Preheat the oven to 325 degrees. Grease and flour a 10-inch tube pan. (I used a 9-inch springform pan with a bundt-style bottom; it made it easier to unmold the cake and there was enough batter left to fill a regular loaf pan).

Grind the toasted almonds and 3 tablespoons of sugar together in a food processor until very fine.

Combine the flour, cake flour, salt and baking soda together in a bowl and set aside.

In the mixer bowl combine the butter and sugar together on medium speed until very fluffy and pale. Add the almond paste and combine until well blended. (It is best to add the almond paste in small pieces to allow it to incorporate more easily. Be sure it is soft enough to blend; you don’t want to break the mixer!) Add in the ground almond-sugar mixture.

Add the eggs one at the time, scraping down between each addition. Add the almond and vanilla extracts, and the Amaretto.  The mixture should be very fluffy by now.

Add the flour mixture in three additions, alternating with sour cream in two additions.  Be careful not to overbeat the mixture at this point or the cake will become overly dense and flat.

Fold in the apricots. Turn the mixture out into the tube pan, filling it up a little over three-quarters of the way.

Bake the cake in the oven for about an hour to hour and a half, or until a wooden skewer inserted into the cake comes out clean and the cake is beginning to pull away from the sides of the pan.

Cool the cake on a wire rack for about 15 minutes. Run an offset spatula or knife around the edge of the pan and the center tube. Unmold the cake unto the rack and let it finish cooling. You should wait until it is cool before serving because the cake is quite crumbly and delicate while it is still warm. However, I could not resist eating some of the bits that fell off – and they were very delicious!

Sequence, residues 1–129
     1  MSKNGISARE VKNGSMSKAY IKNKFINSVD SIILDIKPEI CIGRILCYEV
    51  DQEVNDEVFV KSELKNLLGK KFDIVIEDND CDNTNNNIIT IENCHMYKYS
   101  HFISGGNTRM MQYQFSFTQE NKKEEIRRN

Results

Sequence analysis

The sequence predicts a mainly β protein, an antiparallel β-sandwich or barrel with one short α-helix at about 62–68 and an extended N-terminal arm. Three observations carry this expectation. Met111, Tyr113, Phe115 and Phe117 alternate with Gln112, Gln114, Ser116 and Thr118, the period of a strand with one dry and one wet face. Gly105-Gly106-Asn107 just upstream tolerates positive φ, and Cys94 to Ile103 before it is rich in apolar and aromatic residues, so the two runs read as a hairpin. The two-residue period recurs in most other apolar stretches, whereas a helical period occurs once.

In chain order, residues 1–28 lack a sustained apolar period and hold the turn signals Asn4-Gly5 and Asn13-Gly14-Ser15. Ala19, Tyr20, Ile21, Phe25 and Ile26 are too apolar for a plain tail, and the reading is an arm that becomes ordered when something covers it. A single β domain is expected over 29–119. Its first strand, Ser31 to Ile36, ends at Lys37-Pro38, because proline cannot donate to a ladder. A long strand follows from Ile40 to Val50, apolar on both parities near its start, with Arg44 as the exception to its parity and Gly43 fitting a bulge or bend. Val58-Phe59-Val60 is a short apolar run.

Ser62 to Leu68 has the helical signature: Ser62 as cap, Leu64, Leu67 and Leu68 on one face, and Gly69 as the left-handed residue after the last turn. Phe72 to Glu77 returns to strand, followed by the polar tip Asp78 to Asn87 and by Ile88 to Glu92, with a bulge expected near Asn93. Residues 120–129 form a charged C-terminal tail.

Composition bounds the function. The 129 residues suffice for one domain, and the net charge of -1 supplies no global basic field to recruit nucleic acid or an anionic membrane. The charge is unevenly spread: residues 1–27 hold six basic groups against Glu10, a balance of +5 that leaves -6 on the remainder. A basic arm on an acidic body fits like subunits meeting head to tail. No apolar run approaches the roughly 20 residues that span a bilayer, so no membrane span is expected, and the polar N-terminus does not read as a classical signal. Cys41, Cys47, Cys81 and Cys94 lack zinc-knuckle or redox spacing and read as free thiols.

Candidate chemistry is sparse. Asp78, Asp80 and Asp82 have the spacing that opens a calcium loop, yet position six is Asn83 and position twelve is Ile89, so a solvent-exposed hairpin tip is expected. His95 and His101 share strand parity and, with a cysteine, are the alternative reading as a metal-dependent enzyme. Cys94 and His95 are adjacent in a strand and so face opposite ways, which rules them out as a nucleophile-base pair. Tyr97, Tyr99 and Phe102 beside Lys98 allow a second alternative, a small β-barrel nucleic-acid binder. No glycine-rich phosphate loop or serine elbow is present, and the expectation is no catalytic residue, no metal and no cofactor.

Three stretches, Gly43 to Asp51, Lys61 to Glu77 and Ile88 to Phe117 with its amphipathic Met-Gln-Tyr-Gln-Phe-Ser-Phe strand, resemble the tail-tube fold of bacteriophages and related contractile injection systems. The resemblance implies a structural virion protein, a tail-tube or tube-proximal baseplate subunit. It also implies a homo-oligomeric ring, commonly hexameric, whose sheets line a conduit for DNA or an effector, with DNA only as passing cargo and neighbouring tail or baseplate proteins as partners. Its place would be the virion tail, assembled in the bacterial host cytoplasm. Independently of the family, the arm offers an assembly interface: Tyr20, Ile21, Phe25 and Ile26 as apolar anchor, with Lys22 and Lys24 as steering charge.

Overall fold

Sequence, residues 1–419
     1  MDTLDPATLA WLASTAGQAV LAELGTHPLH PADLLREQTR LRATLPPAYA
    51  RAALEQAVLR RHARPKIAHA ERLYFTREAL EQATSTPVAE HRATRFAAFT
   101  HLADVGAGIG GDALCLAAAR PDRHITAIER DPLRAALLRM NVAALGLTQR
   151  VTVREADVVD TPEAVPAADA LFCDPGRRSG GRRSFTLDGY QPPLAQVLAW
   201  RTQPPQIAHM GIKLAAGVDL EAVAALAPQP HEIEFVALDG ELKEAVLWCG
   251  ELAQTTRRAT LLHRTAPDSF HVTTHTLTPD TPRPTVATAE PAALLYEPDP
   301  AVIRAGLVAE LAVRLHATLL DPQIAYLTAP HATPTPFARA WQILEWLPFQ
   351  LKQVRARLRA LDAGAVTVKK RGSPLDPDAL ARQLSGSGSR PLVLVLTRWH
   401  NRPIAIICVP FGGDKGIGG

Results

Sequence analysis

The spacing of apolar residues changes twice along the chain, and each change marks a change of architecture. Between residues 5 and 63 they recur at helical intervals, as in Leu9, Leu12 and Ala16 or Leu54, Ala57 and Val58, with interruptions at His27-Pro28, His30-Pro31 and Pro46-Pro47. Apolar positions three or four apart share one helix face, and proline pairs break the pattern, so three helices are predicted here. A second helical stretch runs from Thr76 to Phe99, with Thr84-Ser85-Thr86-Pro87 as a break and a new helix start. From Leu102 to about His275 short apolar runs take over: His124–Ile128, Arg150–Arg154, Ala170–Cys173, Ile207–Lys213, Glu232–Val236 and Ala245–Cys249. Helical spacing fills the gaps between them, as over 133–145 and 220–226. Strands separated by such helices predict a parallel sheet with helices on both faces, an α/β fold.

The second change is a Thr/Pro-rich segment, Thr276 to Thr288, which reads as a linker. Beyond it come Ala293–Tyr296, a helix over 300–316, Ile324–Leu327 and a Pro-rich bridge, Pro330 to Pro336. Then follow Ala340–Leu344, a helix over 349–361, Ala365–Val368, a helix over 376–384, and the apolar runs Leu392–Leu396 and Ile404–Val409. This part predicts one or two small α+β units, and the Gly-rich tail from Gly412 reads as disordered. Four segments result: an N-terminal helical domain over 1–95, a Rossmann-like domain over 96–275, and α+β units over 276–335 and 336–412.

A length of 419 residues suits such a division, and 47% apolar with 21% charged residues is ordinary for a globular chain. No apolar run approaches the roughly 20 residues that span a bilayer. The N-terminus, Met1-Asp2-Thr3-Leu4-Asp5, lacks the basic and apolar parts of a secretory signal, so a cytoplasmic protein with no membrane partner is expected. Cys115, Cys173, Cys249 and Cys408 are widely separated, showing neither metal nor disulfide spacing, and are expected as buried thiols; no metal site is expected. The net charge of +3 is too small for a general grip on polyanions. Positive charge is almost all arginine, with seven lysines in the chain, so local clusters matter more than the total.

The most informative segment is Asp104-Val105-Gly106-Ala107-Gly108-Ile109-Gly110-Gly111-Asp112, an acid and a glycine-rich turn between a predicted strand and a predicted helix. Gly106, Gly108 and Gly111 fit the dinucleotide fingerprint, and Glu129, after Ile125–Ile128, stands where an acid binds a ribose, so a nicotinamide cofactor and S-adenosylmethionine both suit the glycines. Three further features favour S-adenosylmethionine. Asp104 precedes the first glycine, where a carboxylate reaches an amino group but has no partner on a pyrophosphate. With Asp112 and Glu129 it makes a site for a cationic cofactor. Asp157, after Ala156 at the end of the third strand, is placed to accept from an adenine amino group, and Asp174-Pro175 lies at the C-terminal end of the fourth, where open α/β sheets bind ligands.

Store the cake either in a cake container or wrapped in plastic.

Tagged with: + + +

Tags:

19 Comments so far ↓

  • Bea at La Tartine Gourmande #1

    Hi Anita,

    I fully am with you. Liqueurs in the house have been supplied for baking needs! ;p-) As to the almond flavor as well, I just love it. In view of your pictures and the ingredients, your cake really rocks!!! I can feel the moisten flavor from here! I wish!

  • Julie #2

    You describe this pound cake in the most delicious detail. It sounds divine.

  • Ivonne #3

    Anita,

    Where do I begin?

    First of all the cake looks so beautiful. I don’t have Regan Daley’s book but every time I see someone bake something from it I think I must get it!

    The picture is so beautiful … great job!

    Like you, I have never had much need for liquer beyond what I need for baking (although I’ll never turn down some Disaronno mixed with cranberry juice and lemon).

    I’ll be holding that bottle of Disaronno extra close now that I have this lovely recipe to try!

    By the way, how lovely that you got to visit all the places in Paris Sweets … talk about a dream!

  • santos. #4

    i keep passing this recipe in the book and mean to get back to it; you’ve convinced me i should get to it sooner than later. beautiful job.

  • Brett #5

    Anita, this beautiful pound cake sounds right up my alley. I’ve never met a dessert flavored with almond that I didn’t like. Regan Daley’s book is superb.

  • sam #6

    Looks yummy… it probably tastes even yummier. Perfect with a nice cup of tea.

  • Kieran #7